Appeals - Raising Fresh Legal Issues in Appeal
R v Giamou (Ont CA, 2017)
In this case the Court of Appeal states the general rule that legal positions not properly and previously advanced at trial may not be newly raised on appeal unless specific criteria are met:
 In R. v. Reid, 2016 ONCA 524 (CanLII), 132 O.R. (3d) 26, at para. 39, this court confirmed the general rule that courts of appeal will not permit an issue to be raised for the first time on appeal. The rationale is based on: (i) prejudice to the other side which lacks the opportunity to respond and adduce evidence; (ii) the absence of a sufficient record; (iii) the societal interest in finality and the expectation that criminal cases will be disposed of at first instance; and (iv) the responsibility of defence counsel to advance all appropriate arguments at first instance: Reid, at para. 40.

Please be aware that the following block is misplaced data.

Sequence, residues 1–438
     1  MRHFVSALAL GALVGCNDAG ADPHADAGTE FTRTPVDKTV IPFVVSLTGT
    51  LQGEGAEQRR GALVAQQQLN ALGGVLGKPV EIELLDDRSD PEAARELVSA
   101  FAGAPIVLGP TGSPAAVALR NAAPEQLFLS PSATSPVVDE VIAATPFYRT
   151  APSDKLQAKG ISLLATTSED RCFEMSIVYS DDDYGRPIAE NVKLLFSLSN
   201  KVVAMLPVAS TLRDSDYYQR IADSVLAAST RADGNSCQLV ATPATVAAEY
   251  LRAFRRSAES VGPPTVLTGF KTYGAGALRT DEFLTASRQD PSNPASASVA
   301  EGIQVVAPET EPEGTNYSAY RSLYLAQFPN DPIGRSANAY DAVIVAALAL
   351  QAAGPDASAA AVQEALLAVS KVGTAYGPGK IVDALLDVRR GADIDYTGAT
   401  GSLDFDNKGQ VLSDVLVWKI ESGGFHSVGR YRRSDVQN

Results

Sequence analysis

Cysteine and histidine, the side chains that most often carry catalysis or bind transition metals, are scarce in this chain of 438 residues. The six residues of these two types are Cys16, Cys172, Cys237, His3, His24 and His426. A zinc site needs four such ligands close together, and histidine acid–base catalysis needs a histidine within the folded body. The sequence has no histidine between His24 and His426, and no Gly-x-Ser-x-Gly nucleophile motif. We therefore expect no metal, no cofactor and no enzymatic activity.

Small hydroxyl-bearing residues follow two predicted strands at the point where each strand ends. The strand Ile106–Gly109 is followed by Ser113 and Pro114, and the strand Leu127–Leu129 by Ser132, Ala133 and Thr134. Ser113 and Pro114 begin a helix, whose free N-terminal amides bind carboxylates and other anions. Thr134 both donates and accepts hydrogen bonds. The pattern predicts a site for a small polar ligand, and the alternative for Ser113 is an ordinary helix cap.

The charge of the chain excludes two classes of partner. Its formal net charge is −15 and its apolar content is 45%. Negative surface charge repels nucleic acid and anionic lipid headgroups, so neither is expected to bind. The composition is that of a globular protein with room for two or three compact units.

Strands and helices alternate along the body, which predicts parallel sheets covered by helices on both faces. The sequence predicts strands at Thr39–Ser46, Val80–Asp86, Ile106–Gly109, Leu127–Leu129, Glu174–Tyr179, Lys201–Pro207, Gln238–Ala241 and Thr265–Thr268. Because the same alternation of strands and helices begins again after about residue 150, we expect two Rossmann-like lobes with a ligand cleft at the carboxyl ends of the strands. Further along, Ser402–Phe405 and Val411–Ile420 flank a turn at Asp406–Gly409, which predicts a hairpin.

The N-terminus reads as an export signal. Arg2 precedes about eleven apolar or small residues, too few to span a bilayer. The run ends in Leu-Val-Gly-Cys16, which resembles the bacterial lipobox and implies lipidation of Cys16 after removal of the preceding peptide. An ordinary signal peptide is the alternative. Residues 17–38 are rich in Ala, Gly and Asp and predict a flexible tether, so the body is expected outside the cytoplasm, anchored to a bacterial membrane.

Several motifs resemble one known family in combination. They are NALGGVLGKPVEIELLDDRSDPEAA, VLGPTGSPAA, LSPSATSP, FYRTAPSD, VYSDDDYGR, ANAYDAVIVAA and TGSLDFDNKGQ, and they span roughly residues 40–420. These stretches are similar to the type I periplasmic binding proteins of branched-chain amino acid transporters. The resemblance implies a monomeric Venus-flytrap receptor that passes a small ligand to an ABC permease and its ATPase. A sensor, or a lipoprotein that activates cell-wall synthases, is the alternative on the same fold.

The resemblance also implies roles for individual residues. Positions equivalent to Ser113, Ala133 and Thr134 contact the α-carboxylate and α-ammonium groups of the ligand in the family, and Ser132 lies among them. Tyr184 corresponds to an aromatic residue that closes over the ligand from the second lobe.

The burden is on the party who seeks to raise the new issue to satisfy three preconditions:
1. the evidentiary record must be sufficient to permit the appellate court to fully, effectively and fairly determine the issue raised on appeal;
2. the failure to raise the issue at trial must not be due to tactical reasons; and
3. the court must be satisfied that no miscarriage of justice will result from the refusal to raise the new issue on appeal: Reid, at paras. 42-43.